Jalen Green, the No. 1 basketball recruit in the Class of 2020, is forgoing college basketball to enter the NBA’s G-League. According to Shams Charania of The Athletic, Green is signing a deal with the G-League worth $500,000.
The G-League is working on launching a team in Southern California, one that takes in elite-level high school players and develops them for a single year before entering them into the NBA draft. For Green, a guard from Prolific Prep in Napa, California, this plan could not be any more fitting.
However, Green’s decision represents a more significant issue within the NCAA system. Due to current regulations, NCAA athletes are not allowed to profit off of their abilities. All of the revenue they bring in goes right over their heads, which is mindblowing to comprehend.
Last year, for example, New Orleans Pelicans forward Zion Williamson waa college basketball celebrity. He brought in millions of viewers to watch his games on TV, bringing plenty of revenue to Duke and the NCAA. However, since Williamson played in the NCAA, he didn’t earn a single penny. Because of this, several NBA scouts believe that taking the college route is a necessary step, even for one-and-done prospects. However, that option appears to be changing now. Lamelo Ball and RJ Hampton were two of the best high school players in the United States one year ago, both heavily recruited by top programs. However, they decided to take a different route, choosing to play in the NBL, a men’s professional basketball league in Oceania.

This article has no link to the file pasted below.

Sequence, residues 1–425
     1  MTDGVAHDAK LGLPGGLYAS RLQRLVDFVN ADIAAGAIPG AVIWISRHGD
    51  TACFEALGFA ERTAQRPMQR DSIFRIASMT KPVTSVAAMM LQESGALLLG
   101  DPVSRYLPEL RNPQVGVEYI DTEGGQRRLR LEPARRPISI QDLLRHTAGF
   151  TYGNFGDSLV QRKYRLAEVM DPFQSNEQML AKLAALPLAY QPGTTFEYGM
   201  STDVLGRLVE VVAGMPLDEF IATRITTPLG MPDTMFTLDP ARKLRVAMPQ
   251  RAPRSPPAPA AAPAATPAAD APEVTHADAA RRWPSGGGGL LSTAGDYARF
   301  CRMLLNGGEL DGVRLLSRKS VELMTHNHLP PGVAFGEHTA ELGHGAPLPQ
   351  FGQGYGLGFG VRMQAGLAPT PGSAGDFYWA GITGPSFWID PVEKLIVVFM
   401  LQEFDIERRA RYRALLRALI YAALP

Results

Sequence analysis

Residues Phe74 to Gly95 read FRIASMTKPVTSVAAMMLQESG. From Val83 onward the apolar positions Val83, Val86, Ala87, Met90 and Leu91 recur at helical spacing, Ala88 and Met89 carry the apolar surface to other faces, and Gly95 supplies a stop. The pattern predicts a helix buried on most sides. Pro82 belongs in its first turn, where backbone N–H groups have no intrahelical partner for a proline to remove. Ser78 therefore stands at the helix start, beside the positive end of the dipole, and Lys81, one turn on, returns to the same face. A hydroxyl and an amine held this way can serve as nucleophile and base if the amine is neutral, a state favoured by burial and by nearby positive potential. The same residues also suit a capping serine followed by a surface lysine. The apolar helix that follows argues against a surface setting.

Although their decision was heavily questioned, their performances in the NBL have put them as projected lottery picks in the 2020 NBA Draft. Anthony Edwards, who played college basketball this year, is also a projected lottery pick. Here’s the difference: Ball and Hampton pulled in hundreds of thousands of dollars, while Edwards earned absolutely nothing. So thus arises the debate; if all top high school recruits can get paid to play professional basketball straight out of high school, shouldn’t they all take that route?
Players like Ball and Hampton are proving that the NCAA is not a prerequisite to being a lottery pick, and Jalen Green seems to be following in their footsteps. Bear in mind that this track is not suitable for everyone. Most high school prospects are not good enough to go straight to the pros, and for them, the NCAA system is necessary. But for all the top high school recruits, the pro-route seems much more appealing.
The end of college basketball?
Now, let’s visualize what would happen if more prospects followed this path. College basketball would no longer have the same attraction, as mostly mid-tier players would be participating. Players will still get drafted out of college, but most likely won’t be a lottery pick. If all of the future NBA talents are playing either in the G-League or Overseas, this may be the end of college basketball, as we know it.